BREHAUT, PIERRE (Peter), cooper, businessman, and politician; b. 7 June 1764 in Guernsey, son of Pierre Brehaut and Marie Todevin; m. 30 Jan. 1792 Thérèse Bellenoy at Quebec in the Anglican church (later the Cathedral of the Holy Trinity), and they had four children; d. 2 May 1817 at Quebec.
Pierre Brehaut came of a family which had settled in the Channel Islands in the 14th century and which had developed ties with sea-borne commerce and the colonies. Seeking a career abroad, the young Brehaut sailed for Quebec around 1788. Soon after his arrival he was hired as a cooper by businessman Louis Dunière. From 1792 on, he practised his trade independently. He operated a shop close to Quebec’s port facilities, where the import-export trade was centred, and engaged now and then in sales of wines and spirits imported from Guernsey and the West Indies.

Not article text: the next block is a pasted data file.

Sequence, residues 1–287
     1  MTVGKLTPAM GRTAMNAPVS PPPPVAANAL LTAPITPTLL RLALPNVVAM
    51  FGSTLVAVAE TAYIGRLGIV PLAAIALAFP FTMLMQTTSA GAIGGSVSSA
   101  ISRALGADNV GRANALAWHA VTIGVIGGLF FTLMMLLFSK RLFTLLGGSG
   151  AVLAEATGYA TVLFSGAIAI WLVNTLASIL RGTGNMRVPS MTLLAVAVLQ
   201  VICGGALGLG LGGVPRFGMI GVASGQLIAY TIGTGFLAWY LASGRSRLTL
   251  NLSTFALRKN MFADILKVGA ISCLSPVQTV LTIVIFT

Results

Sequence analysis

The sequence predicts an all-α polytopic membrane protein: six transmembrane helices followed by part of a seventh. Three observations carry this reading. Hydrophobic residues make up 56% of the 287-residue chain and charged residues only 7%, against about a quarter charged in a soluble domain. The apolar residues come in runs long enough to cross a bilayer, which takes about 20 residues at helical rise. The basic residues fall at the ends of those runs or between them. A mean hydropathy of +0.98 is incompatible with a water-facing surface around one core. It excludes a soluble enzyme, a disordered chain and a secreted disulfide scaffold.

Brehaut’s business seems to have prospered, since on 19 Nov. 1800 he acquired for £3,250 Dunière’s properties at the foot of Cap Diamant: a 200-foot river-front lot with wharf, warehouse, two sheds, and a stable. He was then able to set on foot a wholesale-trading enterprise that opened the way to capital accumulation. In 1802 Peter Lemesurier joined the firm and aided in its financing for a four-year period. Under the name of Peter Brehaut and Company the partners specialized in the grain trade and the import of wine and spirits. Concerned to defend his economic interests, Brehaut identified himself with the merchants’ cause in the notorious “prisons debate” of 1805 in the Lower Canadian House of Assembly [see Jonathan Sewell*]; his name appears on a petition demanding a tax on land to finance them rather than on the revenues of commerce. In 1806 he reconstructed the firm with new partners, including Thomas Higginbottom, and then enlarged its storage space with the building of additional warehouses. The quantity and variety of the goods offered to customers in March 1811 are evidence of the scale of the firm’s transactions: 4,000 bushels of wheat, 1,200 of peas, 1,000 of salt, as well as such other items as flour, biscuit, cordage, American leather, and millstones. In May 1811 Brehaut joined forces with merchant William Grant Sheppard and the latter’s brother Peter in the firm of Brehaut and Sheppard. Through commercial connections with Samuel Dobree and Company of London and Janvrin and Company in Jersey, the firm reached new overseas markets in Ireland, Portugal, and the West Indies. The 55 accounts receivable from clients in the Quebec region in May 1814 give an indication of the scale of its operations in the local market.